Serving notice is one of the most important steps for a landlord to regain possession, however with strict procedures to follow, they are often served incorrectly to the severe detriment of the landlord.
There are different types of notice that a landlord may need to serve depending on the situation and include:
- Section 21 notice of possession
- Section 8 notice of possession
- Notice to quit
The rules in relation to serving notices are complex and if not properly complied with, it is likely that a court will consider the notice invalid and that the landlord will be unable to rely on the notice. This will mean the landlord will have to serve the notice again before they are able to take the next step: applying to court for a possession order. This could add months to the procedure bringing the tenancy to an end.
There are several common issues, including the practicalities of exactly how the notice is served. The method of service should be determined by the tenancy agreement and service can be effected by various methods including:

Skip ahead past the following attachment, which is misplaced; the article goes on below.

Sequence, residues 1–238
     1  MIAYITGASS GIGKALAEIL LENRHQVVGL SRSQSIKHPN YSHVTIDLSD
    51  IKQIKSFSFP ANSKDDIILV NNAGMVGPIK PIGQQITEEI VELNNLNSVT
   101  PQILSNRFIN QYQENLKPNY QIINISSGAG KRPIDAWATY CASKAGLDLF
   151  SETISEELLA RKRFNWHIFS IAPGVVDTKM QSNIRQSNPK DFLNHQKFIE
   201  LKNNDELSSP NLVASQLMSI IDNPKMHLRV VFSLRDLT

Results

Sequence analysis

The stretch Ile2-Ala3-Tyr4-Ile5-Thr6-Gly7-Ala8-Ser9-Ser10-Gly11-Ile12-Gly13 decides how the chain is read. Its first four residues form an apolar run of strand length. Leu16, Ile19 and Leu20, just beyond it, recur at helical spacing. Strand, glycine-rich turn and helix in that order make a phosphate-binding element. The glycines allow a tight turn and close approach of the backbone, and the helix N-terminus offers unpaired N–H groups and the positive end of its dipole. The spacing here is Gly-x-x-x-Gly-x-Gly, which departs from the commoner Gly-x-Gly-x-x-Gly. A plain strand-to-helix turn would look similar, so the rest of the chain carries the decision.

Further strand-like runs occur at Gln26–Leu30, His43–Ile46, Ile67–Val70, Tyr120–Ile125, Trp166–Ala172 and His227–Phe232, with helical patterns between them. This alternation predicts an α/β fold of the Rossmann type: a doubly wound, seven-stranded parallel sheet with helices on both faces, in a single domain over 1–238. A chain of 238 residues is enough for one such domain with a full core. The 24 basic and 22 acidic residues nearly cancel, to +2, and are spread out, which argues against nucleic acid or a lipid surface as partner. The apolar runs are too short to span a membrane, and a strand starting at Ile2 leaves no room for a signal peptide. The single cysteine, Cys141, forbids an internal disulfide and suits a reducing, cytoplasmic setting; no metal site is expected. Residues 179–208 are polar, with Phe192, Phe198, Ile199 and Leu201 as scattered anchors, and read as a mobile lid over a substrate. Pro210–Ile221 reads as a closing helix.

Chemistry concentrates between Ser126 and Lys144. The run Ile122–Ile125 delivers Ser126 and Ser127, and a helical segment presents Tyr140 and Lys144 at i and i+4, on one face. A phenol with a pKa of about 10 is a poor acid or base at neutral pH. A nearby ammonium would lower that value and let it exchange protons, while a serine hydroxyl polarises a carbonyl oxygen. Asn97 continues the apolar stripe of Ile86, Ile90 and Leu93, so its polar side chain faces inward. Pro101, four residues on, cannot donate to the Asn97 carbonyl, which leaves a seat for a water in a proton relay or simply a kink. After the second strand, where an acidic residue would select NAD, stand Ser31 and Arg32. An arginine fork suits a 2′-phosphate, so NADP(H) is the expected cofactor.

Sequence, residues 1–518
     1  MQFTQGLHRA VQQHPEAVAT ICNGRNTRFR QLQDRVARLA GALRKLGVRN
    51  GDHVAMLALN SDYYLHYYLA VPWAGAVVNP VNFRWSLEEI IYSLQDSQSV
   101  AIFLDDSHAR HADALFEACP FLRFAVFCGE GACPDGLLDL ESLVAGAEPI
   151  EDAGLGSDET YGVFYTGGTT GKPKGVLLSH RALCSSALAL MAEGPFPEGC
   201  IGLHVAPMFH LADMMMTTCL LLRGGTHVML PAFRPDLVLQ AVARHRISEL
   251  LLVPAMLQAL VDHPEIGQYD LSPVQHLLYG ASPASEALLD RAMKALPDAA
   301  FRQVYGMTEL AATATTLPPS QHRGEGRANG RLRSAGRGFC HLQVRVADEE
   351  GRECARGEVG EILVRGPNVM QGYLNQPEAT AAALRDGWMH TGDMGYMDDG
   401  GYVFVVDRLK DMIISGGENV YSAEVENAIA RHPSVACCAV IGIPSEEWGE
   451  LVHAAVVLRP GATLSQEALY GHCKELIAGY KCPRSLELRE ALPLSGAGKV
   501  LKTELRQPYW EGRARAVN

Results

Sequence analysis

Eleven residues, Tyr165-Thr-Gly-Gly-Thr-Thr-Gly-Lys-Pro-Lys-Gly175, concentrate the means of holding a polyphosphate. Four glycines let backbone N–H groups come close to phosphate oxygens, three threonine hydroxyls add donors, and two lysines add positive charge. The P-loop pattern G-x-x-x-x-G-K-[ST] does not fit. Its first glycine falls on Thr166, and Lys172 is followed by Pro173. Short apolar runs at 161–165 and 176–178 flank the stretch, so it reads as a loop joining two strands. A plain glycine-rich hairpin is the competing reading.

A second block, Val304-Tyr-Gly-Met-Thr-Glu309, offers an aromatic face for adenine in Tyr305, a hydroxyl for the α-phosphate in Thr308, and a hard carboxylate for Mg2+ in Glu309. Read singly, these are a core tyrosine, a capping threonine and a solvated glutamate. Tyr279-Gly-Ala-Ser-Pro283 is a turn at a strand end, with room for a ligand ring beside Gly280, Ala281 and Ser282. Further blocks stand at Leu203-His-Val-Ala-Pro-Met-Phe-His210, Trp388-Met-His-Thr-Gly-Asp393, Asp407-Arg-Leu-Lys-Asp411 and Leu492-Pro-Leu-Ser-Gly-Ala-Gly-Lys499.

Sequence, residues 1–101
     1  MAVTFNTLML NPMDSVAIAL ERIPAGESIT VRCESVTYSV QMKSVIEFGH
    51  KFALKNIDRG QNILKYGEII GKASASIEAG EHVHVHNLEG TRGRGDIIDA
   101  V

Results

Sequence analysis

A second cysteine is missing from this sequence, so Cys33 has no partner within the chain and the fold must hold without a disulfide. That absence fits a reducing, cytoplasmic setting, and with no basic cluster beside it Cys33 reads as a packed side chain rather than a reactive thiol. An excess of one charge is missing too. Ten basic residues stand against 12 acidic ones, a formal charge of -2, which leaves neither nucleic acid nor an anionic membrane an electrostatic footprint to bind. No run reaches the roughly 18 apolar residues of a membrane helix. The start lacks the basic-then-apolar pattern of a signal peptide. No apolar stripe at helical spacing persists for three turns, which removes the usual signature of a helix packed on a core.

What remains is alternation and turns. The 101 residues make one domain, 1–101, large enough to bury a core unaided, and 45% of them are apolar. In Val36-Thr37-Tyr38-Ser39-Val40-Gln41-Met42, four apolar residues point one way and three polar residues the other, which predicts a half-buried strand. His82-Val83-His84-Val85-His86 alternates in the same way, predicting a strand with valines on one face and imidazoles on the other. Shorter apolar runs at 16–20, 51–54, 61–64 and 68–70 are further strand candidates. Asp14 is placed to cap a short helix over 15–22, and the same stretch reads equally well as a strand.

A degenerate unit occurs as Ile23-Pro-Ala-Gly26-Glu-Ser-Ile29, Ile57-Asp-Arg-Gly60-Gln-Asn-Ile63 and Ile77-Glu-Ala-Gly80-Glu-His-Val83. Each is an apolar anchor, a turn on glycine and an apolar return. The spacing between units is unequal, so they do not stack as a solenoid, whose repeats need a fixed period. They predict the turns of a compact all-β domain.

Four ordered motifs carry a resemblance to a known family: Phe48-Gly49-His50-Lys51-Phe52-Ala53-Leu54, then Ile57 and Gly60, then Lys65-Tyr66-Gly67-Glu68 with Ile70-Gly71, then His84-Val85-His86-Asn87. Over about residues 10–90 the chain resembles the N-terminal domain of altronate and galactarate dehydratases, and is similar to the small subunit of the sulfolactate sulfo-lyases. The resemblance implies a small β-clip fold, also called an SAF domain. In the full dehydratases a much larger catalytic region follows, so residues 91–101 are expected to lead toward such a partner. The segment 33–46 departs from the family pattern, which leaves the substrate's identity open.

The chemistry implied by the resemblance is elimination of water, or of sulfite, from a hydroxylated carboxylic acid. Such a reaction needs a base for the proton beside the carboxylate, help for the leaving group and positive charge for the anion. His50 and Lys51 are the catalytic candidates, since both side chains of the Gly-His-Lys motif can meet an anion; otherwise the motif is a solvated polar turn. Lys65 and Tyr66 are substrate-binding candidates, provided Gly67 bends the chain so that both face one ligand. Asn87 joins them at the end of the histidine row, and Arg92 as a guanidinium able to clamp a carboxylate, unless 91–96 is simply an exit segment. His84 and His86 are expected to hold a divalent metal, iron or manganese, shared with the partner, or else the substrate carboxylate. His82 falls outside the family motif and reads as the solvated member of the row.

- Personal service; or
Another common mistake is a misjudgement of the necessary notice period. Consideration should be given to the tenancy agreement and also legislative changes, such as during the COVID-19 pandemic.
To be able to serve certain notices, a number of other factors must be considered. This includes requirements in relation to providing the tenant with a copy of an EPC (with a rating of E or higher if tenancy started or was renewed after 1st April 2018), a valid gas safety certificate, the How to Rent booklet at the start of the tenancy, as well as protecting any tenancy deposit within 30 days of receiving the money.
This area of the law is complicated and changes rapidly. You need an expert solicitor on your side to guide you through and ensure any notices are served promptly and correctly.